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February 7, 2020 10:28 am

For Jews, Every Breath and Every Act Is a Miracle

avatar by Moshe Pitchon

Opinion

Moses Breaking the Tables of the Law (1659), by Rembrandt. Photo: Wikimedia Commons.

Talk about the Exodus from Egypt, and the first thing that comes to mind is the “miracle” — the splitting of the sea that allowed the children of Israel to cross on dry land.

Popular minds calls these kinds of seeming intrusions in the natural order of events “miracles.” And, though the TaNaKh clearly intends to report that something unexpected happened at the “Sea of Reeds,” Israel’s foundational literature does not speak of a miracle. Its concern is not so much with what happened, but the reaction it was intended to cause.

For the TaNaKh, the “wondrous” — the word it uses to refer to the positive unforeseen — is a sign intended to call attention beyond what it is being seen or experienced.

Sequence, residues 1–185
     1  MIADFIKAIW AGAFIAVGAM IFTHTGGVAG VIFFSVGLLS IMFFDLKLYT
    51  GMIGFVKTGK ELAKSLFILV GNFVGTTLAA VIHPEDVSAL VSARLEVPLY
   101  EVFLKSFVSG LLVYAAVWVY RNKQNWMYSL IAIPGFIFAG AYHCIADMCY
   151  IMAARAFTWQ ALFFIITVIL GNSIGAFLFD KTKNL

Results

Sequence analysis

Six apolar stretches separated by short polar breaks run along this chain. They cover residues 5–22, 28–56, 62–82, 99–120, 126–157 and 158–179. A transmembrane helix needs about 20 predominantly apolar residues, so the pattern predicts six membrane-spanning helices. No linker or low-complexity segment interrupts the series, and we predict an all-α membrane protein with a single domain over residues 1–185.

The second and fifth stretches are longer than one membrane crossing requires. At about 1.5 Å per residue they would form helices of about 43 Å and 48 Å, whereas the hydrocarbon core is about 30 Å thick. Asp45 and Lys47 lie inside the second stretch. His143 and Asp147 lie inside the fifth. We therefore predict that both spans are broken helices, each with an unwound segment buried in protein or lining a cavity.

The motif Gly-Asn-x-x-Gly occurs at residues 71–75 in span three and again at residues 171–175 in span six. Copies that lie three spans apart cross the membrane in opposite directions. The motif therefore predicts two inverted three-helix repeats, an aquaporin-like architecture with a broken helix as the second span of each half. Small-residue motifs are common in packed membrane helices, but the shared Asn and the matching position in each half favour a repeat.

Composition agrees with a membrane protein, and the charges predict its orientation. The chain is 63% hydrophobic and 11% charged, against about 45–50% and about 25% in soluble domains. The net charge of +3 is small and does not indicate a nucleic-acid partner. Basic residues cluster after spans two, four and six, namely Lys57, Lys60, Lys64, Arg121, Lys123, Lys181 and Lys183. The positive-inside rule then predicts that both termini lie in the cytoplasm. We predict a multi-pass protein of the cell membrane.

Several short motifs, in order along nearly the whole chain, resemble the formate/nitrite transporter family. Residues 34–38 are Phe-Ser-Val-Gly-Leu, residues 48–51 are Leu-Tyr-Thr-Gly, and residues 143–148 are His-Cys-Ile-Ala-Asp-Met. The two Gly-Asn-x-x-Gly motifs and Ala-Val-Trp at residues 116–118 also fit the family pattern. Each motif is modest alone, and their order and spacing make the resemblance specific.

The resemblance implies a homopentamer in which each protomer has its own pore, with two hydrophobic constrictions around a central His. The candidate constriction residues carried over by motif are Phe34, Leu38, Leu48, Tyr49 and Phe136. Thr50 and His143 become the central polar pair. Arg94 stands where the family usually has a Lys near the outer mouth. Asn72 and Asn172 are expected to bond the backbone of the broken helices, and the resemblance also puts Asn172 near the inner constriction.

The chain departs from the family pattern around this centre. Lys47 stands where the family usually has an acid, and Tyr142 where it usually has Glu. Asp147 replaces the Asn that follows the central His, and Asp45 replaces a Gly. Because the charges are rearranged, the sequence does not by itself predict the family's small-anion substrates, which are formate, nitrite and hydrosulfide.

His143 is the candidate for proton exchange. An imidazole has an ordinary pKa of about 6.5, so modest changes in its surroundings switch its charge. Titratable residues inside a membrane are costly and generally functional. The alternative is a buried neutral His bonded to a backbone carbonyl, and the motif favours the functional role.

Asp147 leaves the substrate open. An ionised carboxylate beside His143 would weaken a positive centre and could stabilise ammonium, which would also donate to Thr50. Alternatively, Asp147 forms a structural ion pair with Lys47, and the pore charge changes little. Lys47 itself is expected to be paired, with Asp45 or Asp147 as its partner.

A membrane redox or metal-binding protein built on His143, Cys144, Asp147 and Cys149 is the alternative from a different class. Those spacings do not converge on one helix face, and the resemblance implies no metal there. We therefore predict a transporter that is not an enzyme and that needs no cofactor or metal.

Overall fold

The deliverance at the sea, wrote Bible professor Brevard S. Childs, “was affected by a combination of the wonderful and the ordinary. The waters were split by the rod of Moses, but a strong wind blew all night and laid bare the sea bed. The waters stood up as a mighty wall to the left and the right, and yet the Egyptians were drowned when the sea returned to its normal channels … it was the mud of the sea bottom which clogged the wheels of the heavy chariots.”

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“There never was a time when the event was only understood as ordinary, nor was there a time when the supernatural absorbed the natural. But Israel saw the mighty hand of God at work in both the ordinary and the wonderful,” adds Childs.

For Israel, there are not “everyday” matters; nothing in the world is unspectacular. There are no entitlements; everything begs not to be taken for granted. This acknowledgment is expressed with the feeling of gratitude, something conventionally expressed as bowing down, bending the knee.

The Hebrew word for the knee is “berech,” and from there the word “beracha,” awkwardly translated as “blessing.” Every day waking up in the morning, every morsel of food eaten, has the Jew pronounce a beracha. Every passage in life, from birth to death, every recovering from illness or accident, has a Jew pronounce a beracha

To paraphrase Yeshayahu Leibowitz, Jews do not keep their faith because of the miracles they experience. It is their faith that leads them to interpret their life as miraculous.

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